Evidence from sediment samples in ice cores suggests the WAIS melted in previous interglacial periods.  Keeping a watchful eye is not unreasonable, especially after the recent collapses of two major Antarctic ice shelves:  The Larsen A in 1995 and the Larsen B in 2002.  While studies have since shown the Larsen A previously melted and returned, they also concluded that the Larsen B Ice Shelf was a permanent fixture during previous warming cycles.

This begs the question:  Is Waterworld even possible?

Nope!  Melting polar ice caps will not drown the entire known world – but they would rewrite it. If the polar ice caps, land ice and glaciers all melted, the Earth’s sea level would rise more than 200 feet. Swaths of North America would disappear into the Atlantic and whole countries erased, but there would still be land.

While this isn’t exactly Waterworld-type ocean rise, it would devastate already at- risk coastal cities and upend today’s geopolitical structure.

And that’s kinda the point of the film.

For a film that doesn’t openly discuss ecology, Waterworld is surprisingly preachy.  The reluctant hero is a man whose mutations enable him to live in harmony with the environment.  The antagonists, pirates who cobbled together smoke-belching combustion engines, terrorize society from an old oil tanker called Exxon Valdez.  Even its premise evolved with the idea that humans created ecological factors resulting in their own destruction.

“What was different about [Waterworld] was that it had to do with an ecological conflagration, a whole world covered in water because of human stupidity and greed,” said director Kevin Reynolds in a 1995 interview.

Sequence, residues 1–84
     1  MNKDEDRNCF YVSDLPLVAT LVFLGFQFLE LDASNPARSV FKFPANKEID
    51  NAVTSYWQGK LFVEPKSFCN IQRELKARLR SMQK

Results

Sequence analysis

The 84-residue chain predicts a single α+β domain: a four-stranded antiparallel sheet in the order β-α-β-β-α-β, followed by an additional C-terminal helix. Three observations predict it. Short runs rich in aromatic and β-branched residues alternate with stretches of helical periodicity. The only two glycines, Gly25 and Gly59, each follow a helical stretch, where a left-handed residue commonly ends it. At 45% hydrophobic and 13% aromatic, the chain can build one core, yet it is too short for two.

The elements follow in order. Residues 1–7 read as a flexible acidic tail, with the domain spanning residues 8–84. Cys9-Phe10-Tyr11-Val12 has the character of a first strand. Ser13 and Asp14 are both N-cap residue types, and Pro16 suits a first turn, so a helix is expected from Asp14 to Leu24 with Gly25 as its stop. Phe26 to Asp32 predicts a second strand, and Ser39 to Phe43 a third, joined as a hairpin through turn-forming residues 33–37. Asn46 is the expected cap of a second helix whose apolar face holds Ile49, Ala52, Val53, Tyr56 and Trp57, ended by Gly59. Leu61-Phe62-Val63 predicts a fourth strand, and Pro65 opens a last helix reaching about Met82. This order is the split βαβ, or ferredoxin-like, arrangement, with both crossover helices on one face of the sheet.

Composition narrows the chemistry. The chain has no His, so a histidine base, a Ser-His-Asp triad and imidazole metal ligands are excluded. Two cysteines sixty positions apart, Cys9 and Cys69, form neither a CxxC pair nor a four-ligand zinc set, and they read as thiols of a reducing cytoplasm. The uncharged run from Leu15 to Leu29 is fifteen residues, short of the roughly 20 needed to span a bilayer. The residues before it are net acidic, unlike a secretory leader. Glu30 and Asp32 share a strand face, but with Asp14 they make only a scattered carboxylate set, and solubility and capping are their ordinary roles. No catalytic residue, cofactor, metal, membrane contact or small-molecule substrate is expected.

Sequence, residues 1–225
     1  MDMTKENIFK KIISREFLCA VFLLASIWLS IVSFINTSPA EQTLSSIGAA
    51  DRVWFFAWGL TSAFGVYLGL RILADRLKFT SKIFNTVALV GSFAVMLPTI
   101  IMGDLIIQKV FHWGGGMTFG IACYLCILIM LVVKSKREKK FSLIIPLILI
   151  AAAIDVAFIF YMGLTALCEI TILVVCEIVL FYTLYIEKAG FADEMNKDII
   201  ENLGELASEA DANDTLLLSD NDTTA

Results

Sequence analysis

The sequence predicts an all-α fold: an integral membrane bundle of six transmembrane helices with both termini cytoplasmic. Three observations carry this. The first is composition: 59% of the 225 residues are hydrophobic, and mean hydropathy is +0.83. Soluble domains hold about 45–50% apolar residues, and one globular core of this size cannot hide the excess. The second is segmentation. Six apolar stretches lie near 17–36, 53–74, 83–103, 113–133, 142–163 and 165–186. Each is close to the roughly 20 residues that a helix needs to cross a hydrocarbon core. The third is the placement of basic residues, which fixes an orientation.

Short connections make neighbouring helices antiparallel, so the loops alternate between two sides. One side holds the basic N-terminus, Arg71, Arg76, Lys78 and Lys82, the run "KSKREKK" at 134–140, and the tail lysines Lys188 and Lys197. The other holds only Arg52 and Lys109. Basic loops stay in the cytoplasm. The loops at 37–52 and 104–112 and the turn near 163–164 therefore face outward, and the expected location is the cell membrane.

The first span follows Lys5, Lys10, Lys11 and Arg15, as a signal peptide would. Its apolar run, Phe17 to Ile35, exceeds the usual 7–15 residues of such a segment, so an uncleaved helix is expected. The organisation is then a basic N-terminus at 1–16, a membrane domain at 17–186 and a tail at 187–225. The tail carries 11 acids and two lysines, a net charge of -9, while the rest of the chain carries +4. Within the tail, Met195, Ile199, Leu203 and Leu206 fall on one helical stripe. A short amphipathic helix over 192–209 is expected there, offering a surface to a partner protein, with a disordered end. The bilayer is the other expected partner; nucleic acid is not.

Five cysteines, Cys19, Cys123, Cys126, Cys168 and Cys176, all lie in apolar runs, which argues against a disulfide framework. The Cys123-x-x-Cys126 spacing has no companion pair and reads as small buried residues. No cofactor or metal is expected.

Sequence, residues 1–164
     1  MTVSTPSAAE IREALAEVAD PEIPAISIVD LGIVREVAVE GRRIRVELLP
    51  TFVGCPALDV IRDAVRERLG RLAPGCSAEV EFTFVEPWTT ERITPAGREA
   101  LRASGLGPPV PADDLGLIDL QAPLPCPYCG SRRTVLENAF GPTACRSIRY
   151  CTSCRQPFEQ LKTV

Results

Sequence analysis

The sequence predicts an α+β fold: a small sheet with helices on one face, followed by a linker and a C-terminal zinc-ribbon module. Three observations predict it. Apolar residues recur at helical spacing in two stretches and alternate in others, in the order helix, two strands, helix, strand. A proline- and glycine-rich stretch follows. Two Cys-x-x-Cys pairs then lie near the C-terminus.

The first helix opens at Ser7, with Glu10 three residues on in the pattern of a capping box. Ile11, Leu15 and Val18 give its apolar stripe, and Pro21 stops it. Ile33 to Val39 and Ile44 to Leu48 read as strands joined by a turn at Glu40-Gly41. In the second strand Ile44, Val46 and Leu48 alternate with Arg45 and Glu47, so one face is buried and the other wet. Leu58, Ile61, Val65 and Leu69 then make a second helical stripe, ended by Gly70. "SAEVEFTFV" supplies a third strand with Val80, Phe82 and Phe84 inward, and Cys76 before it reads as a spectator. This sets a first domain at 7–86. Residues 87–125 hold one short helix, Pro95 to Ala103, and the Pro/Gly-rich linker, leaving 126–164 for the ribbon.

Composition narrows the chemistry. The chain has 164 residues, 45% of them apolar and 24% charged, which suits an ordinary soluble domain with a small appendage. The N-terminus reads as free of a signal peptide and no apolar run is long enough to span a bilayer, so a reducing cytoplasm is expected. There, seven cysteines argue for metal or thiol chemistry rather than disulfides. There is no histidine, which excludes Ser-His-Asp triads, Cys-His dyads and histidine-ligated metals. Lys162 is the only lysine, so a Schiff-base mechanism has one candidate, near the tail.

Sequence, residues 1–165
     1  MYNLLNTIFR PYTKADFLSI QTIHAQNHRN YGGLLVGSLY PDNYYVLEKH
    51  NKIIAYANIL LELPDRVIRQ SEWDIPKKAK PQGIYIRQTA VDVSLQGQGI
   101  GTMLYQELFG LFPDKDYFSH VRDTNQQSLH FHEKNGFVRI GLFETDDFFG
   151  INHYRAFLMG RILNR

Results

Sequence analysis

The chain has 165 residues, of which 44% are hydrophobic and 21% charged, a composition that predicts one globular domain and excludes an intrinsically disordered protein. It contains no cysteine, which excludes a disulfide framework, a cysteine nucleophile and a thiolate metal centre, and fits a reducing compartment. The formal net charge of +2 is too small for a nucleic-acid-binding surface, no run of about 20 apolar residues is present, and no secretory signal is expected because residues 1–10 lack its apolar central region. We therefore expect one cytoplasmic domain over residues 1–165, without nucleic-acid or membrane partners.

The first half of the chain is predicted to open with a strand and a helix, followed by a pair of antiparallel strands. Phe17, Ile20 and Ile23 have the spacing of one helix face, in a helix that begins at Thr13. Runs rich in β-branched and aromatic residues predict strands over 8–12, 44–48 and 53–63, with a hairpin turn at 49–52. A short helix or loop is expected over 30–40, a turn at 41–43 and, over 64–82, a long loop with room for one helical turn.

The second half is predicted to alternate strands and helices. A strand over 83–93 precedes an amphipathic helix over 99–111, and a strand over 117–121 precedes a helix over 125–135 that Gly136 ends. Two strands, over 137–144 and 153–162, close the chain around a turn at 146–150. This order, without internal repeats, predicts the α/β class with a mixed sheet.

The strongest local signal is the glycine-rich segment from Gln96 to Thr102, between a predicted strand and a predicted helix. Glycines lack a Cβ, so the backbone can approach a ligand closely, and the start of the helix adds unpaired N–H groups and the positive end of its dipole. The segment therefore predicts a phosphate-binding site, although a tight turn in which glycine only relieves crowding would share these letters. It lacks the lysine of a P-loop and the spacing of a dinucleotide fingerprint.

the mariner boat, exxon valdez waterworld,

Scientists don’t expect Antarctica to melt any time soon.  The continent, which is buried beneath feet of ice sheets, can survive warmer climates for some time before it gives way.

For now, Antarctica’s western ice sheet is safe.  But should it fail in the future, we may well be on our way to the water world Kevin Reynolds and Peter Rader envisioned.  And, as in the movie, it would be society’s destructive practices that caused it.

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The Winter Soldier Is a Better Sympathetic Villain Than Loki Ever Was

In Career, Fun on April 4, 2014 at 1:07 pm

We all love the god of mischief, but if you saw Captain America: The Winter Soldier you might need to make room in your heart for another villain.

The second Captain America film takes place in a fearful post-Avengers world where government surveillance and military oversight are growing ubiquitous.  Captain America finds himself doubting S.H.I.E.L.D.’s reactionary and fear-based policies, which could easily be misused to great catastrophe.  In the midst of the storm, a new Hydra threat emerges to silence Captain America and take over the world.